Way back in May of 2016 when NVIDIA launched the Pascal architecture powered GeForce GTX 10 series, one of the notable features they announced for the product family was support for Netflix’s newly launched 4K streaming option. At the time no PCs could access the service; due to the tighter DRM requirements imposed by Netflix and its content providers, PCs that wanted to stream 4K Netflix would need to support HDCP 2.2 and Microsoft’s PlayReady 3.0 DRM. Pascal in turn was the first GPU that was released to support the new DRM standards, and while NVIDIA didn’t know exactly when support would launch, the expectation was that it would be sooner than later.

However as the months have ticked by, we never did see any further progress from NVIDIA and Netflix on enabling 4K support. And rather unexpectedly, NVIDIA even ended up being surpassed in the PC space by Intel, who became the first vendor to actually launch 4K Netflix support when it was enabled on their Kaby Lake CPUs back in November.

Now just shy of a year later, NVIDIA and Netflix have finally taken the next step towards launching 4K Netflix support on Pascal. In an article posted on NVIDIA’s customer support portal, the company has (quietly) announced a 4K Netflix technology preview, allowing customers with the right hardware and software configurations to access Netflix’s 4K streams via both Microsoft Edge and the Netflix app.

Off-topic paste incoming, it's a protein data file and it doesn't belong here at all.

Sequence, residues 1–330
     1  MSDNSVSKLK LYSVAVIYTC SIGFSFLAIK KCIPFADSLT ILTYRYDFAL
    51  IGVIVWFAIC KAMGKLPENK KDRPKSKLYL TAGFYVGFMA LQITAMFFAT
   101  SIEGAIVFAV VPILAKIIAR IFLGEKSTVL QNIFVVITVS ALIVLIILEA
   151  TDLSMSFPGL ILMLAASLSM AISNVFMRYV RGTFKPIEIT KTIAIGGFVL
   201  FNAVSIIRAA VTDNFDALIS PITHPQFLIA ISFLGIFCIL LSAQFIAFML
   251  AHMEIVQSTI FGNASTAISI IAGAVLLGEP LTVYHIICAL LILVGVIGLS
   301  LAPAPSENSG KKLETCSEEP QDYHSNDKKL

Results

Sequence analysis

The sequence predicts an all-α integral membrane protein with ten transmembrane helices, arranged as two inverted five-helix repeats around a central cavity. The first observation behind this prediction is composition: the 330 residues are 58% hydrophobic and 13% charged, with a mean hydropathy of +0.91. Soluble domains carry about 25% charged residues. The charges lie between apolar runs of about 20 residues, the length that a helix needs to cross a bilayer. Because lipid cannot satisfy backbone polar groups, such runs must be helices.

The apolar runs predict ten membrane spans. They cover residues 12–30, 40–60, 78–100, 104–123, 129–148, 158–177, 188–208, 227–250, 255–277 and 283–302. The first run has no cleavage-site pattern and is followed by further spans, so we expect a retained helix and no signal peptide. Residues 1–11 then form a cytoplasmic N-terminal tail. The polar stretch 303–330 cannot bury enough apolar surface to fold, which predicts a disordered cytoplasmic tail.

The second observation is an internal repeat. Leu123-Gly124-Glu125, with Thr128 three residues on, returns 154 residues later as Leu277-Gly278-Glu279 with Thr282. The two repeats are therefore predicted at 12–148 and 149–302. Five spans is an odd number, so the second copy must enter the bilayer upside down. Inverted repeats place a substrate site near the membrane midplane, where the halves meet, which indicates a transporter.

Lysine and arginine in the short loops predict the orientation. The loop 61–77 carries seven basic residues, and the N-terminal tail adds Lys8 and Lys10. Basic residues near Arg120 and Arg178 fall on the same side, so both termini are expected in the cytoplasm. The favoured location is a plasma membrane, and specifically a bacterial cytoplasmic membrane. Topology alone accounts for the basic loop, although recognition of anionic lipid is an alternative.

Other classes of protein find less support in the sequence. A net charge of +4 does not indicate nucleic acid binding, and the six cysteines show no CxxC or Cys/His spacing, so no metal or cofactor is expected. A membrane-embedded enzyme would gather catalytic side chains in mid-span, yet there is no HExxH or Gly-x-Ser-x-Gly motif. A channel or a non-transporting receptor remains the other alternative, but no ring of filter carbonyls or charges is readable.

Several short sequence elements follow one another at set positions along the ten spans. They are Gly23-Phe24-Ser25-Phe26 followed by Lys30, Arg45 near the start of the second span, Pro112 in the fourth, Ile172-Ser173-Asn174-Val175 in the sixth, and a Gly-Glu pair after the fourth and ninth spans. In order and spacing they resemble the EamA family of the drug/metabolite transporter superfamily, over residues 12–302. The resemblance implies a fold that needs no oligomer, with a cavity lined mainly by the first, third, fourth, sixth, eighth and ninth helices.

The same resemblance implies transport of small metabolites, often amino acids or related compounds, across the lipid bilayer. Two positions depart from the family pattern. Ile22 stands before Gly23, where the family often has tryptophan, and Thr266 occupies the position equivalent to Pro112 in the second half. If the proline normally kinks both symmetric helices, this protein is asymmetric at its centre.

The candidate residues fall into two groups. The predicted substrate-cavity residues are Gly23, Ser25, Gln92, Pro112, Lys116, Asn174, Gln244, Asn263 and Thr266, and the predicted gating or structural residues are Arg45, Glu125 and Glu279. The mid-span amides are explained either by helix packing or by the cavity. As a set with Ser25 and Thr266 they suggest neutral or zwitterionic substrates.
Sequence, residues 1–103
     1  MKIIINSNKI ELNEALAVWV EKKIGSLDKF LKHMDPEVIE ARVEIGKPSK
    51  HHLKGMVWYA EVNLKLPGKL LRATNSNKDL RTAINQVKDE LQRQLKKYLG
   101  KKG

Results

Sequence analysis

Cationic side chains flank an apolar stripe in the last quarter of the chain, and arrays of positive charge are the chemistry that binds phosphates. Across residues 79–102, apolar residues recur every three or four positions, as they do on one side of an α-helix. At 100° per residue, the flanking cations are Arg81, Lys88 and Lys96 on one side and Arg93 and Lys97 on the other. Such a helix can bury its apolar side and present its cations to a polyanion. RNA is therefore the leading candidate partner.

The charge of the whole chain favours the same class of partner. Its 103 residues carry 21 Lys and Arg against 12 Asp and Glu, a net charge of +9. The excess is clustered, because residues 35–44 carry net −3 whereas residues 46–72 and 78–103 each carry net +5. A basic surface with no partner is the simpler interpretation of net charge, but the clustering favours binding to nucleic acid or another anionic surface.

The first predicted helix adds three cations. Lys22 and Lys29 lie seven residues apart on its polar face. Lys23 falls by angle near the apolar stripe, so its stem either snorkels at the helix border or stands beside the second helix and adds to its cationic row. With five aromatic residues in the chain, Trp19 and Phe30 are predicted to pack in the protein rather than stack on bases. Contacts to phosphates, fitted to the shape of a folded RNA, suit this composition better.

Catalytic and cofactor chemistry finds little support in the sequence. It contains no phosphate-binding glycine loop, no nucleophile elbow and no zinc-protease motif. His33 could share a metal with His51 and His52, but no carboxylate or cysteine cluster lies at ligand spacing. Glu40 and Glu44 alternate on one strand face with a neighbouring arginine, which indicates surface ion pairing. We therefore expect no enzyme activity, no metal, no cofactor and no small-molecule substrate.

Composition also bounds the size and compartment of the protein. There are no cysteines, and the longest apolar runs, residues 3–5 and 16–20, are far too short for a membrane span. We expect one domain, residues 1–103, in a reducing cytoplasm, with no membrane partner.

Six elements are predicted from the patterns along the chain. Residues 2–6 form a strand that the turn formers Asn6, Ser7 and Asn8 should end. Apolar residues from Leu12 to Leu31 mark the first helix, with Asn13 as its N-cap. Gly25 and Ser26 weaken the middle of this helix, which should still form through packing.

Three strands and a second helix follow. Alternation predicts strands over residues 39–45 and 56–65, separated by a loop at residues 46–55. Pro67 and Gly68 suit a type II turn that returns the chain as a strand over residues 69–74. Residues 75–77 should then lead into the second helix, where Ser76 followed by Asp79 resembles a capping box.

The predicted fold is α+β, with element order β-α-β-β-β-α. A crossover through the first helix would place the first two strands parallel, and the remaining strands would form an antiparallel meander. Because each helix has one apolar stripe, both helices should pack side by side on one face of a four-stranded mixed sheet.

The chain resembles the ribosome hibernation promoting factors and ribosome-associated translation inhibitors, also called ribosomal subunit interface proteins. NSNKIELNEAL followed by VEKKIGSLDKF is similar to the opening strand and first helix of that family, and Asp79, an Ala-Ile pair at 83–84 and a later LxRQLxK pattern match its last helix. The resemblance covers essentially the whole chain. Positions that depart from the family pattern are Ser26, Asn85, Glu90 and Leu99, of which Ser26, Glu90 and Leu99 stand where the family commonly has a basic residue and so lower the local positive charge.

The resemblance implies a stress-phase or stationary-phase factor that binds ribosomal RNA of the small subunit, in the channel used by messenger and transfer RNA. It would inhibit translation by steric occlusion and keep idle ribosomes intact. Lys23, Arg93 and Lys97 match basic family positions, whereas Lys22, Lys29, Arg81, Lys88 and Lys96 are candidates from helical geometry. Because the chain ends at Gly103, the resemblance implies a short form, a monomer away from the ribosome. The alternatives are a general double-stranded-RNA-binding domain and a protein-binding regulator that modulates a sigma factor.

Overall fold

While the article itself doesn’t offer any real explanation for the delay, the system requirements end up giving us a pretty good hint about what’s going on. Along with the expected hardware requirements – a Pascal-based video card and an HDCP 2.2 monitor – the Netflix preview also requires that users are on a Windows Insider build of Windows 10. The NVIDIA article notes in particular that receiving Insider builds is necessary to get the specific NVIDIA driver version supported – 381.74 – as it’s only being distributed as part of the Insider program.

NVIDIA doesn’t make much mention of the OS itself, but the situation is especially interesting since this comes just weeks after Microsoft launched the Windows 10 Creators Update, their latest major update to the OS. According to Microsoft’s API documentation, several new calls were added to PlayReady in this update. This strongly hints that Windows 10 itself was the piece of the puzzle holding back 4K Netflix support.

Further complicating matters however, with the release of the Creators Update, the Windows Insider program is now in early testing of features that will be going into the next version of Windows 10, codenamed “Redstone 3”. So it’s not clear whether the recently-released Creators Update is even enough, or if support hinges on additional functionality intended for Redstone 3.